This is Civic Way’s commentary on the January 6th Capitol Coup and the nation’s need for accountability and healing. The author, Bob Melville, is the founder of Civic Way, a nonprofit dedicated to good government, and a management consultant with over 45 years of experience improving public agencies throughout the US.
Accountability—the cornerstone of trust—is the most vital of all social compacts. Without it, we do not grow. We are unlikely to find our better selves. We cannot teach our children well. It becomes virtually impossible to engage in everyday commerce. Without it, families, communities and civil societies are doomed to unravel and, ultimately, perish.
We learn early (and for some of us, often) that, as human beings, most of us are not only prone to mistakes, but miraculously capable of learning from those mistakes. Somewhere along our respective journeys, we absorb the life lesson that holding people accountable is more about the future than the past. If fortunate, we learn that, by being accountable, we can be inspired to improve—as parents, friends, workers, leaders and neighbors.
Accountability also is the foundation of good governance. This principle applies to any political system, but it is particularly true for a democratic republic. Sadly, too many of us have forgotten its meaning. Even in the US, the world’s oldest and—until January 6th—most admired democracy, we need constant reminders that good government cannot be sustained without accountability.
The shameful last days of this presidency have offered what some of us feared and none of us wanted—a graphic reminder of our democracy’s fragility. As our shock wears off, we must decide what, if anything, we should do, as citizens and leaders. As we deliberate those actions, we should set aside our anger and thirst for retribution, and focus instead on how genuine accountability can help us heal.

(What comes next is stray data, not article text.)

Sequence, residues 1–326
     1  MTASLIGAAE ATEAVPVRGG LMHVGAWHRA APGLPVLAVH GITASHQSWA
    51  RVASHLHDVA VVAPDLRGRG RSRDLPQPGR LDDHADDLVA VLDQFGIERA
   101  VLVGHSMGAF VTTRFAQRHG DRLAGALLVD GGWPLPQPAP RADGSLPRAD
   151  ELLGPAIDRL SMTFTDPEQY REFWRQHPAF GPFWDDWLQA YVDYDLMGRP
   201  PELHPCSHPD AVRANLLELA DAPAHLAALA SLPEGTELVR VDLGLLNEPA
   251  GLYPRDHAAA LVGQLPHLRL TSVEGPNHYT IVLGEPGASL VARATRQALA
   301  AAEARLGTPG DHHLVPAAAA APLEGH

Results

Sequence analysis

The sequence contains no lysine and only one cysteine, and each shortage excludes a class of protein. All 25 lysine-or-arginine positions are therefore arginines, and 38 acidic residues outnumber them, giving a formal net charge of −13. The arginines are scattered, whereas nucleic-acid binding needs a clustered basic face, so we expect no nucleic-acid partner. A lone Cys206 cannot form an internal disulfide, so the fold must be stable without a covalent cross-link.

A Time for Healing or Growth?
In 1976, at the risk of losing what loomed as a tight race with his Democratic challenger, President Gerald Ford pardoned the disgraced Richard Nixon. That controversial decision probably cost Ford another term, but it also helped end what Ford called a long national nightmare and initiate a post-Watergate healing process the nation so desperately needed.
What many forget about Ford’s pardon is that it also conveyed an admission of guilt. Nixon understood that accepting the pardon was tantamount to a legal admission of guilt. In fact, Nixon initially was reluctant to accept the pardon because it carried the implication of this admission. It was only after Ford’s lawyer threatened to withdraw the pardon that Nixon accepted its terms. Such an admission was anathema to Nixon, but he also, at some level, grasped the need for national healing.
Some argue that a similar approach is needed today. That we should put this presidency—and the cynicism, lies and acrimony that culminated in the Capitol Hill assault—behind us as quickly as possible. That we should simply turn the page and move on. In the face of a global pandemic and a massive foreign attack on our computer networks, this argument has merit. However, when we consider the long-term benefits of accountability, another view—a more compelling view—emerges.
In addition to the tragedy of lost lives, the Capitol carnage was not merely an assault on a revered federal building, it was a challenge to our public institutions, constitutional norms and democracy itself. It was Charlottesville redux, Selma the Sequel and an aborted replay of the 1898 Wilmington North Carolina coup. It was a deliberately incited lynching of American ideals.